In accordance with certain obvious modifications of the method within the spirit and scope of the present invention, it should be noted that the energy source 41 may be of any type readily available for the purpose of supplying controlled heat to the coatings 51, 52, and might for example, take the form of ultrasonic vibrations, infrared energy, or other conventional sources of heat. While, as pointed out above, it is not necessary to employ operating temperatures that are sufiiciently high to melt the plastic in the area of the indicia 36 to carry out the invention, the use of such temperatures for this purpose is deemed to be within the broader scope of the invention. With the overlayer 53 so selectively removed, the indicia 36 assume an embossed appearance which may be desirable for improved legibility. It will be realized that in some cases, the die 38 may not have to be brought into direct contact with the web W but may be efiective with a slight spacing therefrom. Furthermore, it is contemplated that the die 38 could under certain circumstances be effective to supply the necessary color changing heat to the coatings 5.2, 51 by application to the reverse or the base sheet side of the web W. Also, of course, the code dating in accordance with the method of the present invention could be performed on a single coating as exists in the oval area of the package dress in FIGURE 2, if desired.

In this disclosure, there is shown and described only the preferred embodiment of the invention, but, as aforementioned, it is to be understood that the invention is capable of various changes or modifications within the scope of the inventive concept as expressed by the accompanying claims.

I claim:

1. The method of packaging with code dating comprising the steps of providing a continuous web having precoated areas of heat sensitive coating representing in dividual bags to be formed, intermittently feeding said web to define successive packaging cycles, forming said web into successive bags during each packaging cycle, filling each of said bags thus formed with product during each packaging cycle, and applying heat in the form of indicia to said web at said precoated area during each packaging cycle whereby to cause a change in said coating indicated by a resulting contrast in color to effect coding' with said indicia of each successive bag filled, said heat sensitive coating including at least two layers of diverse colors, said heat being applied during the coding operation to one of the layers, said heat being sufiicient to cause at least some heating of the other layer whereby said indicia are formed by at least some physical interaction between said layers.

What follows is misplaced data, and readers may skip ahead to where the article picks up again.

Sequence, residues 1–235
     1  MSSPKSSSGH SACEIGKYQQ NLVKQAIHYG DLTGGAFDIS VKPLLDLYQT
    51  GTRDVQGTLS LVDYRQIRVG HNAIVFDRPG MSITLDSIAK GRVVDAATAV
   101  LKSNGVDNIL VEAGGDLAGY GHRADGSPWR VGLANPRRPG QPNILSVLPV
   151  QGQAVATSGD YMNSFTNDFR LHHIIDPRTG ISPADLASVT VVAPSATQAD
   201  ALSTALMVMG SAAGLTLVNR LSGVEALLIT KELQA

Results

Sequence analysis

2. The method of code dating a series of packages comprising the steps of providing each package with a precoated area of heat sensitive coating, feeding said packages past a coding station and applying heat in the form of indicia at said precoated area at said coding station whereby to cause a change in said coating indicated by a resulting contrast in color of the portion of said area corresponding to said indicia to effect a coding of each package, said heat sensitive coating including at least two layers of diverse colors, said heat being applied during the coding operation to one of the layers, said heat being suflicient to cause at least some heating of the other layer whereby said indicia are formed by at least some physical interaction between said layers.

References Cited UNITED STATES PATENTS 3,293,824 12/1966 Dorr 53l31 3,392,501 7/1968 Gilchrist 53131 X T HERON E. CONDON, Primary Examiner E. F. DESMOND, Assistant Examiner US. Cl. X.R. s3 2s, 131

Patent Citations
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US3293824 *Mar 13, 1964Dec 27, 1966Mayer & Co Inc OPrinting apparatus for packaging machines
US3392501 *Mar 13, 1967Jul 16, 1968James M. Gilchrist Jr.Method of marking covered items
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US5237796 *Jun 12, 1992Aug 24, 1993Forma-Pack, L.P.Method and apparatus for differential softening of thermoformable plastic
US5642605 *Mar 25, 1996Jul 1, 1997Tenner; MarkFood portion inventory device with imprinted predetermined data indicia
US5713186 *Sep 29, 1994Feb 3, 1998Tetra Laval Holdings & Finance, S.A.Method and an apparatus for producing bag packs
US5790718 *Jan 29, 1997Aug 4, 1998Stripper Bags, Inc.Food portion inventory device with imprinted predetermined date indicia
US6217273 *May 29, 1998Apr 17, 2001Exper S.A.S. Di Peroni G.&C.Method and apparatus for transferring objects
US6321510 *Jan 19, 2001Nov 27, 2001Hauni Richmond, Inc.Method of wrapping drinking straws
US6499270Jan 5, 2001Dec 31, 2002Pyxis CorporationMethod and apparatus for transferring objects
US7934361 *Oct 19, 2005May 3, 2011Orihiro Engineering Co., Ltd.Packaging apparatus
US20090277140 *Oct 19, 2005Nov 12, 2009Orihiro Engineering Co., Ltd.Packaging apparatus
WO1997021595A1 *Dec 9, 1996Jun 19, 1997Charterhouse Graphics LimitedPackaging sleeves
U.S. Classification53/411, 53/131.5, 156/230, 53/451
International ClassificationB44B5/00, B44B7/00, B65B61/00, B65B61/02, B44B5/02
Cooperative ClassificationB44B5/028, B44B7/00, B65B61/025, B44B5/008
European ClassificationB65B61/02B, B44B5/00G, B44B7/00, B44B5/02W
Legal Events
Dec 12, 1986ASAssignment
Effective date: 19860731
May 1, 1985ASAssignment
Effective date: 19850220
May 1, 1985AS02Assignment of assignor's interest
Effective date: 19850220